Inflicting harm on other people, repeatedly harassing students or teachers, causing fights and tears at school – none of this is something parents plan for. Yet, for every kid who comes home complaining about a mean, unfair or aggressive classmate, there’s a bully or cohort to blame.
As the Education page at PBS notes, a parent’s first reflex will likely be denial. After all, when a teen isn’t demonstrating the traits of a bully at home, it may feel unbelievable that she or he could be nasty or intentionally unkind in any setting. However, the best thing a parent can do is stay calm and try to get to the root of the problem.
Help youth see the big picture. If you can walk through a situation in detail with your teen, including the context, their feelings and what caused them to feel negatively towards others, you can help them to identify where they fit in the broader scheme. This can help build empathy and reduce instances of bullying in the future.
Create a plan for teens to own up to their actions. If someone is hurt or emotionally bothered, the consequences can be very serious and long-term. Sit with your son or daughter to discuss how they can apologize and remedy the damage they caused. Help them practice exactly what they will say and how they can be kinder and more inclusive in the future.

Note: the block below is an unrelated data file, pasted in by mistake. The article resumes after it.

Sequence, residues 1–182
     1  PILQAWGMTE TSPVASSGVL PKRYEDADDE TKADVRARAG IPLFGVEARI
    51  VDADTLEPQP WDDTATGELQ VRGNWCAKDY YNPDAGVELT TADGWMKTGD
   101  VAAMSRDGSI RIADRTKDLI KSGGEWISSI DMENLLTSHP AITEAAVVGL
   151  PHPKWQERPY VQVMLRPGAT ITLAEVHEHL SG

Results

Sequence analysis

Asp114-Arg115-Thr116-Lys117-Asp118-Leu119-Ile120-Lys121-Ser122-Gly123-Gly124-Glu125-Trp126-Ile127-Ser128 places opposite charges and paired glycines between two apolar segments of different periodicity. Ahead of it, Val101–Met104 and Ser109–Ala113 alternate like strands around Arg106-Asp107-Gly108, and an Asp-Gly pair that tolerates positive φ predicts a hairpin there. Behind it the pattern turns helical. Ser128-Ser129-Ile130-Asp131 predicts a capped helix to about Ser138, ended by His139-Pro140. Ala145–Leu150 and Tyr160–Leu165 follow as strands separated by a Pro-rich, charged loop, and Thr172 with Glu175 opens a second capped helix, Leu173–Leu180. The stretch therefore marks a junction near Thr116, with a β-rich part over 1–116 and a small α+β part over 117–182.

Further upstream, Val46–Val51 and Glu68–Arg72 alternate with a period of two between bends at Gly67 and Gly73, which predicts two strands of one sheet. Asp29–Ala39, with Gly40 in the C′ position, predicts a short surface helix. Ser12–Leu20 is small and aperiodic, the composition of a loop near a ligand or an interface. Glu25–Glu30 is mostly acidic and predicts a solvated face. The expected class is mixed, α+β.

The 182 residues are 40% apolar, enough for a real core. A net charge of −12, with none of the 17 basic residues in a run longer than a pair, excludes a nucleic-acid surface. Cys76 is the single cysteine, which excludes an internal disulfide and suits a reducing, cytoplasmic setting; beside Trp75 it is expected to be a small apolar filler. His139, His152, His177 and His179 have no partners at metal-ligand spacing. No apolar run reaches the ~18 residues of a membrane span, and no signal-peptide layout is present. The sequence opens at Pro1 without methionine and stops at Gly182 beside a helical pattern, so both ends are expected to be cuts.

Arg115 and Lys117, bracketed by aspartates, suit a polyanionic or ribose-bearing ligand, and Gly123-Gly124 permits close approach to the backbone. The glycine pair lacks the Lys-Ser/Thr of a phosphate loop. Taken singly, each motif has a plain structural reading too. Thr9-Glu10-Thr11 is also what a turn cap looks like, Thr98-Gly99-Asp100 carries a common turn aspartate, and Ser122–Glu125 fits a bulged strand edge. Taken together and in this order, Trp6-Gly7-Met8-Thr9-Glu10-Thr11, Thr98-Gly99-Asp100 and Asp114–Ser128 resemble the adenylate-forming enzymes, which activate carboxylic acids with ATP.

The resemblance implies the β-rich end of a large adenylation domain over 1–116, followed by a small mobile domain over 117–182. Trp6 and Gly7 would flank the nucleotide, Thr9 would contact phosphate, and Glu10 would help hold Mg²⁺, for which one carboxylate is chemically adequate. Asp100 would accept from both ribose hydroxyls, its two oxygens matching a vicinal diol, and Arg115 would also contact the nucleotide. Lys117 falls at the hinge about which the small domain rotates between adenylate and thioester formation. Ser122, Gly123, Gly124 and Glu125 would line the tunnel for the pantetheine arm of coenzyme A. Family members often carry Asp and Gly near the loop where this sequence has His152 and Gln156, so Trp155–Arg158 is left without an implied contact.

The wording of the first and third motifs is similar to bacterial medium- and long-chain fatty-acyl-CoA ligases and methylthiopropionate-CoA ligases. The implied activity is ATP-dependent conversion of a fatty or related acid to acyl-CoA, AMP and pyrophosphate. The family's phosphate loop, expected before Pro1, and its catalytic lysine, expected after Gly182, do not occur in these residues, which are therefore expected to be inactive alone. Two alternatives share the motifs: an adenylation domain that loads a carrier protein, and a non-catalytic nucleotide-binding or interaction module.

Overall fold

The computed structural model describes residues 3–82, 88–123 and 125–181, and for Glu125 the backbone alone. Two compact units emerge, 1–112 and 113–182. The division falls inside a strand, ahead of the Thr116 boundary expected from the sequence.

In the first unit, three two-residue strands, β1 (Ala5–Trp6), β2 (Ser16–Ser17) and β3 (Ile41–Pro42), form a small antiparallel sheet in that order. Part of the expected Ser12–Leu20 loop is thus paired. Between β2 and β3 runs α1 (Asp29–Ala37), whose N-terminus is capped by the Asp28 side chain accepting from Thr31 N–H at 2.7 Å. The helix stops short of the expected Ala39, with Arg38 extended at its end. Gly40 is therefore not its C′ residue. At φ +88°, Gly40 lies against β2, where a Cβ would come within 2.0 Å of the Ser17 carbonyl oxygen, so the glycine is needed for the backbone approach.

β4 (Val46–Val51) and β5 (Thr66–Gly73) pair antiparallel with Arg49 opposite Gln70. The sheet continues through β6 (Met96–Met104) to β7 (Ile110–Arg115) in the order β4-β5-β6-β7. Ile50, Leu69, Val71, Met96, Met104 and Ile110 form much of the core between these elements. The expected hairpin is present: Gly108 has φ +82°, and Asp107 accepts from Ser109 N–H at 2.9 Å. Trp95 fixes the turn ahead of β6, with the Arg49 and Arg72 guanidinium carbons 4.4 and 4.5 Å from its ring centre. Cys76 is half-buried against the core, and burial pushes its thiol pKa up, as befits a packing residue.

Once a bully, always a bully? Not at all! Just because a youth acts out once does not mean they are bound to be cruel in every social situation. It’s likely that a bully is struggling to get something she or he wants – dominance, popularity or attention, for instance. Through therapy or a short-term residency program like Casa Pacifica’s Camino a Casa (formerly START), you can help your teen work through their needs holistically so that they can find new, positive ways to express their desires.